- Understand the details about what a trademark is and how to apply for one
- For those starting or expanding businesses
- Learn how a trademark can protect your services, goods, and logos
There are countless examples of brand names, logos, and other intellectual property that have a small ® symbol denoting a registered trademark. That symbol serves as a strong protection of a company’s products and services, helping to ward off infringement or underhanded efforts to poach customers.
While trademarks are valuable to have, small business owners and entrepreneurs may be discouraged from pursuing them out of fear that the process will be too complex. However, acquiring a trademark is fairly straightforward and a step well worth taking to guard your interests.
What is a trademark?
Trademarks, along with patents, copyrights, and domain names, help protect your intellectual property and certify that it is your original work. A trademark typically applies to the brand names and logos used on products and services, identifying them as coming from a particular source.
Trademarks can also apply to a business name or symbols used by a company, and even to more obscure components such as sounds and colors. Some unusual trademarks include the “bong” sound effect in Taco Bell commercials and the brown hue used by UPS.
Certain trademarks are ineligible, including the American flag and the names of living people unless they have given their consent.
What are the benefits of a trademark?
The main benefit of a trademark is that it identifies a brand, logo, or other applicable item as your own property. This helps prevents other companies or competitors from developing products or services that are so similar to your own offerings that they might confuse consumers. Anyone who is found to have willfully infringed on your intellectual property rights can also be held liable for damages.
By making your logo, packaging, or other property as distinct as possible, you’ll increase your chances of prevailing if you ever need to challenge someone for infringement. This type of trademark is also valuable in increasing brand recognition.
Another benefit of the process is finding out what trademarks already exist. By reviewing what is already on the market in preparation for filing for a trademark, you can ensure that you don’t inadvertently infringe upon another company’s intellectual property.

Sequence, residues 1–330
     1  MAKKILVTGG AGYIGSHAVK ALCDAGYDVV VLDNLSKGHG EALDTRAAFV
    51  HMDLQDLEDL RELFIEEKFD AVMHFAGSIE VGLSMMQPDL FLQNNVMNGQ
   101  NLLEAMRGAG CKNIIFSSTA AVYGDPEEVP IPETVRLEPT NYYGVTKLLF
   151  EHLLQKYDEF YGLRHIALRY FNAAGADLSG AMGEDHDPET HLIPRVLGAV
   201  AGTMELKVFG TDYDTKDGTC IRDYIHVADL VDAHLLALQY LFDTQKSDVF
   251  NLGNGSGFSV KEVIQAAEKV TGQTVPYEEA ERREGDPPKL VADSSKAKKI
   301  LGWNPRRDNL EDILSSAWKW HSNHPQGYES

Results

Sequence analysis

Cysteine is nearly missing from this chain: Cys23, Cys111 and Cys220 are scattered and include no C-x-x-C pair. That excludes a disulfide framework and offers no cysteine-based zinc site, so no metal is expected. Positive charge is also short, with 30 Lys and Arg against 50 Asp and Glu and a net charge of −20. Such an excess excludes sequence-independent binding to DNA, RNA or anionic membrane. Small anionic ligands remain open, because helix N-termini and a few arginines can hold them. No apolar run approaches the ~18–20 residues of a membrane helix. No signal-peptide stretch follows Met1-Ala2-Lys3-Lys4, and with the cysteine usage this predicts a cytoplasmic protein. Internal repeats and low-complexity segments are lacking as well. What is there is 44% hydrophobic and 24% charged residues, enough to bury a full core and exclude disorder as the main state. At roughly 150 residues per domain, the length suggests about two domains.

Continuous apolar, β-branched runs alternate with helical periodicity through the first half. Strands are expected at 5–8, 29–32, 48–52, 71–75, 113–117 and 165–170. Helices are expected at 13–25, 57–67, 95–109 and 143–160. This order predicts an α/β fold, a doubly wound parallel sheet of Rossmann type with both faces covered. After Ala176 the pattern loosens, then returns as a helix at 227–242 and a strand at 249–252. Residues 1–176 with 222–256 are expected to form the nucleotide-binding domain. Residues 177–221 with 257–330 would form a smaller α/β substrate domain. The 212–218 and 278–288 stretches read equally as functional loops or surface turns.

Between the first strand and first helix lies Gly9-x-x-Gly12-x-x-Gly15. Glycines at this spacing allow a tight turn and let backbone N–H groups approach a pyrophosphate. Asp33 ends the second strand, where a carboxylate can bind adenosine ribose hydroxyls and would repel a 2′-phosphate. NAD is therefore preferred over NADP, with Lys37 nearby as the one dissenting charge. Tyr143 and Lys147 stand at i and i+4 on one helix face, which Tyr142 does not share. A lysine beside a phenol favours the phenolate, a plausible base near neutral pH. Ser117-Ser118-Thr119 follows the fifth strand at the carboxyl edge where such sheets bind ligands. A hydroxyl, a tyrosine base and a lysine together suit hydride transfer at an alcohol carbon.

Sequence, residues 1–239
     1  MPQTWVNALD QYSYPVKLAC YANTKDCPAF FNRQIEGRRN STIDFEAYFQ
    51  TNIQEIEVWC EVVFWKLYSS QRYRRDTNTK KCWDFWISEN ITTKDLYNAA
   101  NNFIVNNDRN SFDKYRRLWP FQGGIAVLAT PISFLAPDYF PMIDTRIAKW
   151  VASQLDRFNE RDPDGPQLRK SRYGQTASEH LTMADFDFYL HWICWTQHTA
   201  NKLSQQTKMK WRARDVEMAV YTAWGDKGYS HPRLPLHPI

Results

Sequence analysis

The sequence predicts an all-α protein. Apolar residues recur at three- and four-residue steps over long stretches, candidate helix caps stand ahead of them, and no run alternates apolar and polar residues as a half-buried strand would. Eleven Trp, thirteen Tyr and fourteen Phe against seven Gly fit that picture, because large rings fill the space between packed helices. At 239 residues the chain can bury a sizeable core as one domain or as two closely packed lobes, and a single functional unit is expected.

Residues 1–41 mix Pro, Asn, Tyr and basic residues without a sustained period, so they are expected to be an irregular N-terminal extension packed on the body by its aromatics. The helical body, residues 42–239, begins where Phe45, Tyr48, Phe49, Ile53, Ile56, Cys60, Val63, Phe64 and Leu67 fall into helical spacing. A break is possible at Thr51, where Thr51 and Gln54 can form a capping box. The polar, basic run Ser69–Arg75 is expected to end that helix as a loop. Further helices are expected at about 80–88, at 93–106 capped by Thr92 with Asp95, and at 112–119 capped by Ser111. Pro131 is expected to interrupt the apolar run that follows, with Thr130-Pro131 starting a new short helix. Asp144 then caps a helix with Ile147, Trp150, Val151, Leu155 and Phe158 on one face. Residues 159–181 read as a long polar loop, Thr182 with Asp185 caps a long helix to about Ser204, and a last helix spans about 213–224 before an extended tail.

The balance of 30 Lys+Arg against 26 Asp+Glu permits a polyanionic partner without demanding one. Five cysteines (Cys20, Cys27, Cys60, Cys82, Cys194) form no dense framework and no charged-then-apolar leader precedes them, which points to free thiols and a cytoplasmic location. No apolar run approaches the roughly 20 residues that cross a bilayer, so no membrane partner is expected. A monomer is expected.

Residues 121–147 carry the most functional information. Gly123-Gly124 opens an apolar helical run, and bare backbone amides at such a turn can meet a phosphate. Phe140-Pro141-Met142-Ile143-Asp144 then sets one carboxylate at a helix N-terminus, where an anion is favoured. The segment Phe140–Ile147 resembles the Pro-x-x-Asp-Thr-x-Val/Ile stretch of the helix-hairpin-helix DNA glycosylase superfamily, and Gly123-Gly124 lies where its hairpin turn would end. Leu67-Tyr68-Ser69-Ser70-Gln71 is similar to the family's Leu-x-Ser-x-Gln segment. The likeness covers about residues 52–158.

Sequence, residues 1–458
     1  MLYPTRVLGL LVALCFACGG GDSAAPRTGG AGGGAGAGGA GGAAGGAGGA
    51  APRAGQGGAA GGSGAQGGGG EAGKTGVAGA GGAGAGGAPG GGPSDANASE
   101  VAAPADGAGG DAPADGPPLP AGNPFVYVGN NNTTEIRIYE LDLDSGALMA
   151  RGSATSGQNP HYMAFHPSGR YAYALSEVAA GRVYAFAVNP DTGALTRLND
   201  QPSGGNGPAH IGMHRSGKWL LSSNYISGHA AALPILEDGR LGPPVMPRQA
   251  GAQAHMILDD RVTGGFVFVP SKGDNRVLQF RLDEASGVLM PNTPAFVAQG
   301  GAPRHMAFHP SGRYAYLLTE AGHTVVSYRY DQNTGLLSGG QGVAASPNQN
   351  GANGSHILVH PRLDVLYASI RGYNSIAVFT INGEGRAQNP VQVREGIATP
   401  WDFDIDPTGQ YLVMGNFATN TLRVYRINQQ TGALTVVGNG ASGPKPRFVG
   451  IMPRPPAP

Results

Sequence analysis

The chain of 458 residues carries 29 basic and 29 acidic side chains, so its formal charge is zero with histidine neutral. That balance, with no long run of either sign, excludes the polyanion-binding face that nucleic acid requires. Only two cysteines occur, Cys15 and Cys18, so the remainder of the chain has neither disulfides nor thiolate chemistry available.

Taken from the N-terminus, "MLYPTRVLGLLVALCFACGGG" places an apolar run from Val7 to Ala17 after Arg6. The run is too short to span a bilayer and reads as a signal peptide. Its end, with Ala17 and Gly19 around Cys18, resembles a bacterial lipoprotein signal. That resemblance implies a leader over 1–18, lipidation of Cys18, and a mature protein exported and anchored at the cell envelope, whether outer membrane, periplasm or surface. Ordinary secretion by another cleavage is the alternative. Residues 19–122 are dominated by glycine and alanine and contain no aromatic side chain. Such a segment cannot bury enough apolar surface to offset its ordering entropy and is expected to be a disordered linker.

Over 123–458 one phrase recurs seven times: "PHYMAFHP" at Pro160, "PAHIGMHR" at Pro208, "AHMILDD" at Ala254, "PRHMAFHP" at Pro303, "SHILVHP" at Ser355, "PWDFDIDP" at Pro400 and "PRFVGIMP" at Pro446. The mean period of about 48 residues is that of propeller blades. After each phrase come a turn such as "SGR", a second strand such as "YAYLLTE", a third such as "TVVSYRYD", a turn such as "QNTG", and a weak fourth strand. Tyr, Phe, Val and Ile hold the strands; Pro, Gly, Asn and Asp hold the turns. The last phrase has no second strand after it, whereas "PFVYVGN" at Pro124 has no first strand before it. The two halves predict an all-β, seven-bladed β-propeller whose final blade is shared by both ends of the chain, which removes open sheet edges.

When should I apply for a trademark?
Common law rights allow you to claim ownership of an available business name, logo, or other item as soon as you begin using it to conduct business. However, since a registered trademark offers more protection and the process can be a lengthy one, it is prudent to submit an application as soon as possible.
Businesses who have not yet started offering products or services can still apply for a trademark through an “intent to use” application. However, the business must be operational within six months of this submission.
While U.S. citizens are not required to use an attorney for the application process, it is strongly recommended that all applicants find one who is experienced in trademark matters. This professional can help guide you through the process and answer any questions you may have.
How do I apply for a trademark?
Applicants are responsible for selecting their mark, determining which goods and services it will apply to, and finding out whether anyone else has already claimed a similar trademark. They must also choose from one of four bases for filing and two bases for registration.
Applications must be submitted through the United States Patent and Trademark Office, and this process can be completed online at USPTO.gov. To register the trademark, a business owner typically needs to describe the mark, when it was first used, what products and services it will be used for, and what classification it will be registered under.
The trademark process is subject to legal review, which can often take several months, and applicants are responsible for monitoring the status of their application. If the mark is denied, an appeal process is available. If no issues arise, the mark is approved and notice is published in the USPTO’s weekly Official Gazette.
What do I need to do after I receive a trademark?
A trademark lasts for 10 years. After this point, a business owner must renew it.
Business owners are responsible for monitoring and maintaining any registration information related to a trademark. The USPTO is also not responsible for enforcing trademark infringement issues; if a business owner feels their rights have been infringed, they must take action on their own.